Intravascular bullets are frequently diagnosed when serial imaging evaluations demonstrate a wandering foreign body, as in our patient. Bullet embolism should further be considered in the absence of an exit wound and when location of the bullet on imaging is discordant with its presumed trajectory.
Surgery is generally agreed upon for arterial bullet emboli due to the heightened risk of ischemia. Conversely, the management of venous bullet emboli remains controversial, given that most are asymptomatic. The risks of embolization, vascular injury, ischemia, and infection must be weighed against the risks of extraction. Conservative management has been proposed in asymptomatic patients due to the risks of venous embolectomy. It is important to note, however, that conservative management may lead to complications including cardiac injury, pulmonary emboli, arrhythmias, and central ischemia. Shannon et al specify that the morbidity of a retained projectile is substantial (25%).4 Therefore, the authors advocate extraction in the acute setting (<6 weeks), as removal utilizing modern techniques has a low complication rate (1-2%).
Anecdotally, open surgical procedures were undertaken if venous bullet extraction was deemed necessary. However, there has been a paradigm shift. The advent of innovative endovascular techniques for bullet retrieval has mitigated the need for open surgery, allowing for decreased length of stay, enhanced safety, and improved cosmesis. Multiple variations of endovascular retrieval of bullet emboli have been reported in the literature.5-8 In our case, a snare device was successfully utilized to retract the bullet from the IVC into the left common femoral vein.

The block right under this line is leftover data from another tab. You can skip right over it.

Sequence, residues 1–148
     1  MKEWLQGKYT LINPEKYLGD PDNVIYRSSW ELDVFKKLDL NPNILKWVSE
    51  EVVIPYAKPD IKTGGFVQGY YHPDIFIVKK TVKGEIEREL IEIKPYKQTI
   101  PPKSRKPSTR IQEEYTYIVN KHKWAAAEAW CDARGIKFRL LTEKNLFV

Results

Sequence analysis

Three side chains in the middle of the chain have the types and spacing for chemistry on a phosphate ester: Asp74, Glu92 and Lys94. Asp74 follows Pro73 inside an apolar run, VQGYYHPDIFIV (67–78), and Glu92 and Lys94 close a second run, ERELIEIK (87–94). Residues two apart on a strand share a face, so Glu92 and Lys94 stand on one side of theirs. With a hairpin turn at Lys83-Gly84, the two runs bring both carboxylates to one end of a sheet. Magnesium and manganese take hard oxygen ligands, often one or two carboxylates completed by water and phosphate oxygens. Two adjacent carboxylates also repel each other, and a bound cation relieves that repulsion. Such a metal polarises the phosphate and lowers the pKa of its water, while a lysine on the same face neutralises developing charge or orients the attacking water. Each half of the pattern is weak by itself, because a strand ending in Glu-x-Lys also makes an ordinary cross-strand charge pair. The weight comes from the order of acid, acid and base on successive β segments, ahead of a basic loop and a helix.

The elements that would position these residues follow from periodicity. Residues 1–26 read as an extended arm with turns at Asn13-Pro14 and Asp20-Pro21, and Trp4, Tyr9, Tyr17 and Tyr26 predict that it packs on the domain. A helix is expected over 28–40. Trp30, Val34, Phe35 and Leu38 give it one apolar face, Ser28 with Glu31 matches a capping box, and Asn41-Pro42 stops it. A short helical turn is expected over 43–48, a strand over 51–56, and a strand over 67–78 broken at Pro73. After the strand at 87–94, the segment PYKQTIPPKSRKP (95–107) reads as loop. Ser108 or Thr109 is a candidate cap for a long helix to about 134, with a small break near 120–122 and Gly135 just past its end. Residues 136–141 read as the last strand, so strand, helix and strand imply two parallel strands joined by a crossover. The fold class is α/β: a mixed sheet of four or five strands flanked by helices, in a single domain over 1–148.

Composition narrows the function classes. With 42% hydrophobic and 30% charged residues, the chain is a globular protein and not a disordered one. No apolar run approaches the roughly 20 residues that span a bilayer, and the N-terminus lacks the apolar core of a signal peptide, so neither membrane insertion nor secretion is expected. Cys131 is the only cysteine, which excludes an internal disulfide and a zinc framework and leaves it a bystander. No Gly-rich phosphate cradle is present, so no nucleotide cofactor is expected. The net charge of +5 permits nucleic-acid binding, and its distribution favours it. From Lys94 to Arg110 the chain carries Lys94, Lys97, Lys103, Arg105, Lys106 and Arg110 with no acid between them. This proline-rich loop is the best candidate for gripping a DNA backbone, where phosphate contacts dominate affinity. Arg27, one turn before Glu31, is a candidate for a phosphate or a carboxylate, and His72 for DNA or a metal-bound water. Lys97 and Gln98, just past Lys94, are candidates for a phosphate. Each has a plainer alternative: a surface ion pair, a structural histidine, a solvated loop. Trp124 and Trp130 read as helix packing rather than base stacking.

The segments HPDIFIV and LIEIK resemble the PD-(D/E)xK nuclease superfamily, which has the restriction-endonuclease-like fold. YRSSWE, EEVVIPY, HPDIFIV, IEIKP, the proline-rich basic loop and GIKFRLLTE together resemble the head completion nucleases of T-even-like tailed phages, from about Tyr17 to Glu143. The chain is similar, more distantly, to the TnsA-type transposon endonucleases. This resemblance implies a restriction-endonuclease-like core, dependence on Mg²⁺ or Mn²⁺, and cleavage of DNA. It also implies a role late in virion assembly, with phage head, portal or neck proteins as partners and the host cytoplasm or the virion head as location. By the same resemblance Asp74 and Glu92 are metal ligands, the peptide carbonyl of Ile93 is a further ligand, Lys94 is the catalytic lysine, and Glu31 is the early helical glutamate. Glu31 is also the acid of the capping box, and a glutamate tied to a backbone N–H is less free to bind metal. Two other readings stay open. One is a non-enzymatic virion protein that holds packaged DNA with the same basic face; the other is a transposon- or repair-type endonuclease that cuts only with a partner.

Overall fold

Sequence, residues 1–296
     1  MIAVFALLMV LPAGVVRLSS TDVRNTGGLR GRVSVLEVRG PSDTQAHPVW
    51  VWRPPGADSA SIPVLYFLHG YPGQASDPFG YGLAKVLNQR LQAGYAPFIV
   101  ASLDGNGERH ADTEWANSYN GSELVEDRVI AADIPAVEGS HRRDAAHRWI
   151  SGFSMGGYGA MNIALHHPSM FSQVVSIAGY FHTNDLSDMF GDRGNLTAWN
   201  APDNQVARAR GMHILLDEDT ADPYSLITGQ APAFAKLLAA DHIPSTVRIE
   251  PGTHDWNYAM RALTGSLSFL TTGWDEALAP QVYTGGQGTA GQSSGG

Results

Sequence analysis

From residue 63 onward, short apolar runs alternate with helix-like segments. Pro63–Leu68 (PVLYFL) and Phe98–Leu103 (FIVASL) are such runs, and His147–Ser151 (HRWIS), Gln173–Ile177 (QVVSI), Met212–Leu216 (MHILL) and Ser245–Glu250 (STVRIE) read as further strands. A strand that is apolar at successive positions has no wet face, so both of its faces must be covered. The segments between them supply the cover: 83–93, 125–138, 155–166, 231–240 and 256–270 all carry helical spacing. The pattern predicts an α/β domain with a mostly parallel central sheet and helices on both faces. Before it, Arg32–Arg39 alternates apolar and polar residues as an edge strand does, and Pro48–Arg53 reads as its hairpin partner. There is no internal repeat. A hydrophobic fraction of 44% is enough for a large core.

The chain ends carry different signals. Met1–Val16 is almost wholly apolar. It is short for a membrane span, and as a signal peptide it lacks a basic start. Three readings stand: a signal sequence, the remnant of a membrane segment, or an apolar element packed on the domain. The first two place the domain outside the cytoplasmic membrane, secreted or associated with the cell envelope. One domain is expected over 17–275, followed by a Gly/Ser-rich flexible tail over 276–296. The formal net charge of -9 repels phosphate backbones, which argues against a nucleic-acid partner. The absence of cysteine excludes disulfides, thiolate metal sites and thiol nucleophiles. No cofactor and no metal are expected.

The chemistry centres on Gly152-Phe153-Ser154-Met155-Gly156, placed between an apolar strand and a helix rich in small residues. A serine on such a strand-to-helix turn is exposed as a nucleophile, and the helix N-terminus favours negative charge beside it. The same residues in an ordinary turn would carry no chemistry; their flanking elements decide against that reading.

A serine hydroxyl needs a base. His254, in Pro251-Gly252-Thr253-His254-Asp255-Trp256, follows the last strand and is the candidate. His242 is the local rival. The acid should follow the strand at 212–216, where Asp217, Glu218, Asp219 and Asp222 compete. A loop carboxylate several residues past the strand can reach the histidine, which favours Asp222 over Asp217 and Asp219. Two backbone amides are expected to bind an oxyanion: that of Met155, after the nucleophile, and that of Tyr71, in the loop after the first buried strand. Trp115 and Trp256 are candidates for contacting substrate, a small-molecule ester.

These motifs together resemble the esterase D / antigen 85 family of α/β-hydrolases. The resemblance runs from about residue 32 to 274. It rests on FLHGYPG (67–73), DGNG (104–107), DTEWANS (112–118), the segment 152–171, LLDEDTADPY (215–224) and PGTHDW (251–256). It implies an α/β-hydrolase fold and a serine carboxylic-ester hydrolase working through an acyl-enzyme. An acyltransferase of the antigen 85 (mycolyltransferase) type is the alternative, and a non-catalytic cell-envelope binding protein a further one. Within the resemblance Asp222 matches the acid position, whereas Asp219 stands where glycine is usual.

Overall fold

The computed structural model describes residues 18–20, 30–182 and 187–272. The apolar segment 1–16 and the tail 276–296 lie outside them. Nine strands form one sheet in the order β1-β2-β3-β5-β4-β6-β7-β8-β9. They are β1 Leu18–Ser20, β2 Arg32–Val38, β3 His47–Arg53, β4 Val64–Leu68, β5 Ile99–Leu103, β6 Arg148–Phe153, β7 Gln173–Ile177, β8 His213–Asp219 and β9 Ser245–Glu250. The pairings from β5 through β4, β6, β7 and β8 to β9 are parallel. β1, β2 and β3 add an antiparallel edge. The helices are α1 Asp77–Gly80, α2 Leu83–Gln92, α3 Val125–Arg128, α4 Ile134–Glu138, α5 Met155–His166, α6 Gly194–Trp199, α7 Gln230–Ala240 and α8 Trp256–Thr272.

Vascular bullet embolism is a rare complication of gunshot injuries associated with significant morbidity. Arterial involvement is far more common than venous. Bullets may lodge intravascularly and subsequently move freely throughout the vascular system, giving rise to such complications as embolization and ischemia. Treatment of arterial bullet emboli is operative management due to the increased risk of ischemia. However, management of venous bullets remains controversial, as a large portion are asymptomatic. Management should be decided on a case-by-case basis, balancing the risk of embolization against that of extraction.
- Nagy K, Massad M, Fildes J, Reyes H. Missile embolization revisited: a rationale for selective management. Am Surg. 1994; 60(12):975-979.
- Duke E, Peterson A, Erly W. Migrating bullet: A case of a bullet embolism to the pulmonary artery with secondary pulmonary infarction after gunshot wound to the left globe. J Emerg Trauma Shock. 2014; 7(1):38-40.
- Bertoldo U, Enrichens F, Comba A, Ghiselli G, Vaccarisi S, Ferraris M. Retrograde venous bullet embolism: a rare occurrence-case report and literature review. J Trauma. 2004; 57(1):187-192.
- Shannon F, McCroskey B, Moore E, Moore F. Venous bullet embolism: rationale for mandatory extraction. J Trauma. 27(10):1118-1122.
- Gaylord G, Johnsrude I. Split 24-F Amplatz dilator for percutaneous extraction of an intravascular bullet: case report and technical note. Radiology. 1989; 170:888-889.
- Sclafani S, Shatzkes D, Scalea T. The removal of intravascular bullets by interventional radiology: the prevention of central migration by balloon occlusion--case report. J Trauma. 1991; 31(10):423-425.
- Raghavendran K, Evans J. Bullet migration within the inferior vena cava. South Med J. 2003; 96(1):96-98.
- Schroeder M, Pryor H, Chun A, Rahbar R, Arora S, Vaziri K. Retrograde migration and endovascular retrieval of a venous bullet embolus. J Vasc Surg. 2011; 53(4):1113-1115.
Prepared by Dr. Bansal and Dr. Hussey while Radiology Residents, and Dr. Chiong while an Attending Interventional Radiologist, at MetroHealth Medical Center/Case Western Reserve University, Cleveland, OH.